The two University of Notre Dame scholars whose research demonstrated – before the Iraq war – that it was highly unlikely there were weapons of mass destruction in Iraq are co-editors of a new book on counterterrorism.
In “Uniting Against Terror: Cooperative Nonmilitary Responses to the Global Terrorist Threat,” just released by MIT Press, George A. Lopez and David Cortright argue that winning the fight against global terrorism requires a bold new strategy – one based on cooperation rather than military might.
“The punish-and-destroy model is not the answer,” Lopez said. “Despite six years of military operations in Iraq and Afghanistan, terrorist attacks and suicide bombings are on the rise. Diplomatic strategies can and do work effectively, but they have been overshadowed by the constant drumbeat of war.”
“Uniting Against Terror” examines diplomatic and economic responses that have worked since the terrorist attacks of Sept. 11, 2001, especially those of the United Nations, the Financial Action Task Force, the European Union, and a wide array of multilateral institutions. It also addresses the changing face of terrorism and al-Qaida and recommends effective nonmilitary counterterrorism strategies.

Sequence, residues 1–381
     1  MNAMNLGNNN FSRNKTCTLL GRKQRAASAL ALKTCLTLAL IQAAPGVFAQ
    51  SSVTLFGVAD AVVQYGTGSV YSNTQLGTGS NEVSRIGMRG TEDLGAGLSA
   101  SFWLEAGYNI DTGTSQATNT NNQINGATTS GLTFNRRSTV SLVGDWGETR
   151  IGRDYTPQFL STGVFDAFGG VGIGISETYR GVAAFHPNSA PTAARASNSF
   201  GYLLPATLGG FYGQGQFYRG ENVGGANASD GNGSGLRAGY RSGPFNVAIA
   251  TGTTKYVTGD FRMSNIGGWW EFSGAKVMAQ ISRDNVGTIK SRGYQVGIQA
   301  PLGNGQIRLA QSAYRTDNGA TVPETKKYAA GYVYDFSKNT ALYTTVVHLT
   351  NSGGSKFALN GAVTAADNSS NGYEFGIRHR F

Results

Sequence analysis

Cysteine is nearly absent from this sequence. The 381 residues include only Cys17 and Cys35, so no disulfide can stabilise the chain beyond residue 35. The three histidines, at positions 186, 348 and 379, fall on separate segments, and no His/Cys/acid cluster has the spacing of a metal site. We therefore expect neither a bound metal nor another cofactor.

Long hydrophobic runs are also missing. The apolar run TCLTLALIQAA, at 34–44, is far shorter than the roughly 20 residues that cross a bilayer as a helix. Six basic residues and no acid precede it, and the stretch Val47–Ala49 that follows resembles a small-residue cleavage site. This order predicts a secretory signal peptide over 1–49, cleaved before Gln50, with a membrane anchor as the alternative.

The book includes a foreword by former U.S. Rep. Lee H. Hamilton, co-chair of the 9/11 Commission that studied in-depth the rise of al-Qaida. More recently, Hamilton co-chaired the Iraq Study Group.
“Lopez and Cortright have done a huge service to all those interested in pursuing the pros and cons of an activist foreign policy, short of the recourse to war,” said A. Peter Burleigh, former U.S. ambassador to the United Nations.
The book is not a critique of U.S. policy, the editors said. Instead, “we question the utility of the big military front and ask why we shun the reality that, since 9/11, cooperative economic, diplomatic and police operations have been very effective in reducing terrorism,” Lopez said. “Unilateral military action may feel good, but it is quickly counterproductive.”
Lopez is the Rev. Theodore M. Hesburgh, C.S.C., Professor of Peace Studies at Notre Dame’s Kroc Institute for International Peace Studies. Cortright is a research fellow at the Kroc Institute and president of the Fourth Freedom Forum.
In 2002, before the Iraq war, Lopez and Cortright analyzed U.N. reports and other sources that detailed what weapons and materials had been identified and destroyed in Iraq. They then published articles showing that sanctions had succeeded in dismantling the Iraqi regime’s weapons program.
Lopez and Cortright have published extensively on the use of targeted sanctions for counterterrorism. They work closely with the U.N. and European governments and agencies on the implementation of sanctions as an alternative to military intervention.